The Principal Trumpeter of the Montreal Symphony Orchestra navigates four brilliant and foundational concertos for his instrument, and we've chosen it as our CD of the Week.
Paul Merkelo talks with WCRB's Brian McCreath about "The Enlightened Trumpet":
There’s a fearlessness that comes with the territory when you’re a musician. Doing your job every day in front of thousands of people who are waiting to be impressed is not what many of us would choose to do with our lives. When you layer on top of that an instrument that’s meant to cut through large orchestral textures, which also means that any mistakes or misfires are more than noticeable, that courage necessary to get through the day ratchets up a few extra notches.
This is what it is to be a principal trumpet player in a major orchestra. It’s not that players of other instruments don’t have their challenges and exposed moments, too. But virtually every time a trumpeter produces a note, it will be heard. So, the musicians who hold those positions tend to project (pun intended) a healthy degree of confidence.
And that’s also what one needs if one is to record four concertos that have also been recorded by virtually every great trumpeter since recording was invented, not the least of which is Maurice André. The legendary French trumpeter’s recordings of the concertos by Haydn, Hummel, Telemann, and Leopold Mozart are required listening for any aspiring trumpeter. Enter Paul Merkelo, who, since 1995, has been the Principal Trumpeter of the Montreal Symphony Orchestra.
He's released three previous recordings, each of them stellar (that’s the kind of player he is). But this is the first that brings together the most iconic works for his instrument. Merkelo calls it The Enlightened Trumpet, evoking the Age of Enlightenment that swept across Europe between the late 1600’s and early 1800’s - the very timeframe in which these four concertos were created.
And you can hear, if you choose to listen to them chronologically, the Age as it was reflected in music, beginning with the ornate and virtuosic baroque stylings of Telemann and carrying on through the experimental lyricism of Leopold Mozart (Wolfgang’s father).
As the Enlightenment barreled through society and culture, technology supported and catalyzed new developments, something you’ll hear in Haydn’s concerto. It was written for a brand-new kind of trumpet, one that vaulted past the limitations of its predecessors through an ingenious key system, allowing every note in every key to be a newly realized musical possibility. As it turns out, Haydn not only created a demonstration piece for this new technology; he also created a concerto so sublime that it’s known as the only trumpet concerto players of other instruments wish they could play....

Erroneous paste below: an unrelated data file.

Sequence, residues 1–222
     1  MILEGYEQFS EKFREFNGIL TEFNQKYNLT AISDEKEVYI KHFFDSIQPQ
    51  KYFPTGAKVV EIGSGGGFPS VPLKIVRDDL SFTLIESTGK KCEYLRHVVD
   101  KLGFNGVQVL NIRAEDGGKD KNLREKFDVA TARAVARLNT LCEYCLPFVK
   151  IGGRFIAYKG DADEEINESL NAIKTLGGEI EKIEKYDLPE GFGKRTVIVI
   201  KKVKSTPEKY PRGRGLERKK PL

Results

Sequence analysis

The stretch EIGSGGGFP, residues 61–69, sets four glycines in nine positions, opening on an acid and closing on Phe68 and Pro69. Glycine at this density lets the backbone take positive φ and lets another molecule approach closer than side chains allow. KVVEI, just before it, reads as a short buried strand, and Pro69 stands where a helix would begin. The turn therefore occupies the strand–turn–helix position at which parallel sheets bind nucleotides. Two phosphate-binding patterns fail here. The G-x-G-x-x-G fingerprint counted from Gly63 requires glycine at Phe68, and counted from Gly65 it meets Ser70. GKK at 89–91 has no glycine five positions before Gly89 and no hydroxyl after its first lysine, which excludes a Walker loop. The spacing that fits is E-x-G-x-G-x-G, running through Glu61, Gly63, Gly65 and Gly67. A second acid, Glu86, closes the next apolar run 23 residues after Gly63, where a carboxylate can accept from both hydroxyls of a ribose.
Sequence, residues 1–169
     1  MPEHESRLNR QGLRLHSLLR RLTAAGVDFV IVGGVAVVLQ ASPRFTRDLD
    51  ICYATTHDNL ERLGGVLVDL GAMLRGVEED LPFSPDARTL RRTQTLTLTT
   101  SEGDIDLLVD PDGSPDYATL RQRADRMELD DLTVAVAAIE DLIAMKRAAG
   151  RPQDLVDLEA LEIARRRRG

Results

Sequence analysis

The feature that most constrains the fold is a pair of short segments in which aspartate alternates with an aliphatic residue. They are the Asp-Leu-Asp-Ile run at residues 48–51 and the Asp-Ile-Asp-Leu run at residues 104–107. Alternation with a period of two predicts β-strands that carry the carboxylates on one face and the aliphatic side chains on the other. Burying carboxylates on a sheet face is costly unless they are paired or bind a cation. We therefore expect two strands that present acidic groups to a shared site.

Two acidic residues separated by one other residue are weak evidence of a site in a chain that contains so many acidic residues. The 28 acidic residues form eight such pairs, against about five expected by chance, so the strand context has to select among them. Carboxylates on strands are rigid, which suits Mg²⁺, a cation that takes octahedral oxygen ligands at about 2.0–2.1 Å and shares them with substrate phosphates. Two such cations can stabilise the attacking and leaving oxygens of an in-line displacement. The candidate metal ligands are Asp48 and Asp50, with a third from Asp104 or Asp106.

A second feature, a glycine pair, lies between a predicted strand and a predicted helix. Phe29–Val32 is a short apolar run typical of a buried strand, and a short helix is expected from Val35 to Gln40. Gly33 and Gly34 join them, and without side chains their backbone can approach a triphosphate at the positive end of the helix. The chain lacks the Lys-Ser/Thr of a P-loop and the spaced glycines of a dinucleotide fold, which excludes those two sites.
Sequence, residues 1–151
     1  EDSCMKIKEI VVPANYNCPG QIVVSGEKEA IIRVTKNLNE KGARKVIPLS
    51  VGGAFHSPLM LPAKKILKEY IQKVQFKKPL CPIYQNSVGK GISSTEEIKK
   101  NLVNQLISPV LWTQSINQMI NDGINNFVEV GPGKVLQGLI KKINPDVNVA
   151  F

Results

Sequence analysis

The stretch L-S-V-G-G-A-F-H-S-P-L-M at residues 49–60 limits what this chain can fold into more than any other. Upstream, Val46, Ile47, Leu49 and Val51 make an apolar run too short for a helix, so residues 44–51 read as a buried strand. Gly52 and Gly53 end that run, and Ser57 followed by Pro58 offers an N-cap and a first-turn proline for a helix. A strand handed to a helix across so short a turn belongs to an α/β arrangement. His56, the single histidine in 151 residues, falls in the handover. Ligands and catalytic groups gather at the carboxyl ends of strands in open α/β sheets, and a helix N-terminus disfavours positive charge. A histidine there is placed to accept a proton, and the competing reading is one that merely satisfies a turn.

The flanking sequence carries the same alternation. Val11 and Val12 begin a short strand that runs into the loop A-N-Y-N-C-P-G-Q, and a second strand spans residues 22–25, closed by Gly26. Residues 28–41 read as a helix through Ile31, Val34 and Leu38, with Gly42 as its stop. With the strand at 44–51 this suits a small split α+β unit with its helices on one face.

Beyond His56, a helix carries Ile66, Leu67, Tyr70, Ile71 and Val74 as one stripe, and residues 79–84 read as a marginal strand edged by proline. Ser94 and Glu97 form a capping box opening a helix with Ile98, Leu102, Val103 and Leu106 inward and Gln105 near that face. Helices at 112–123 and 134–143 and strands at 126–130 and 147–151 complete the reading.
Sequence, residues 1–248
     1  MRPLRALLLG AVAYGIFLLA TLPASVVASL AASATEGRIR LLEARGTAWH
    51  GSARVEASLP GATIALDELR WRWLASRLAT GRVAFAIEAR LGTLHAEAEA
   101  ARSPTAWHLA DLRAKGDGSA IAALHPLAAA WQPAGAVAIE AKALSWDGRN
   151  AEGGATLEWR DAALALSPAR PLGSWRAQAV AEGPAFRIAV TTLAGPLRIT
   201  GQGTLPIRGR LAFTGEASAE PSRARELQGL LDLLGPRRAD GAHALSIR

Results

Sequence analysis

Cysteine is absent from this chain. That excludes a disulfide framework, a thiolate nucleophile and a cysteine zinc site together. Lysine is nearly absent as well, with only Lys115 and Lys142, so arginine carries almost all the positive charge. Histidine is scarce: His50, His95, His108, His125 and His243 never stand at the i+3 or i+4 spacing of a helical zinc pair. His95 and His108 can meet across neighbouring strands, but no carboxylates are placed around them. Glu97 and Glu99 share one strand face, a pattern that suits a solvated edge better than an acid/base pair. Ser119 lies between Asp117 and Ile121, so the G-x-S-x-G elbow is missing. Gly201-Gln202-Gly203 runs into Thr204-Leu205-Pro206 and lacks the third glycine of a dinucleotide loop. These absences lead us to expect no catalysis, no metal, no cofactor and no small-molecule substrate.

Only eight years later, Hummel applied his considerable talents to composing for this still evolving instrument. The inspiration of Beethoven’s majestic voice is clear in the broadly landscaped first movement, as well as a more highly dramatized use of the trumpet in a mysterious and even unsettling slow movement. In the end, though, something that veers into the territory of a circus polka rounds the piece out, complete with musical pyrotechnics that dazzle the ears.
Merkelo adds a very special twist to Hummel’s concerto in this recording through a cadenza, that part of a concerto in which the ensemble drops away to leave the soloist alone, assembling various musical ideas into an astonishing final collage. This one was originally played by Timofei Dokshizer, a legendary Ukrainian trumpeter of the Soviet era, and it’s Paul Merkelo’s tribute to one of his musical heroes.
For more about this recording, listen the interview above, in which Merkelo reveals what he learned after trying the keyed bugle for which Haydn wrote his concerto, describes the most physically challenging movement of the entire recording, and details what his own personal connection to Dokshizer has meant to him as a musician.
Check out this performance by Paul Merkelo in WCRB’s Fraser Performance Studio:
Here is more background on The Enlightened Trumpet: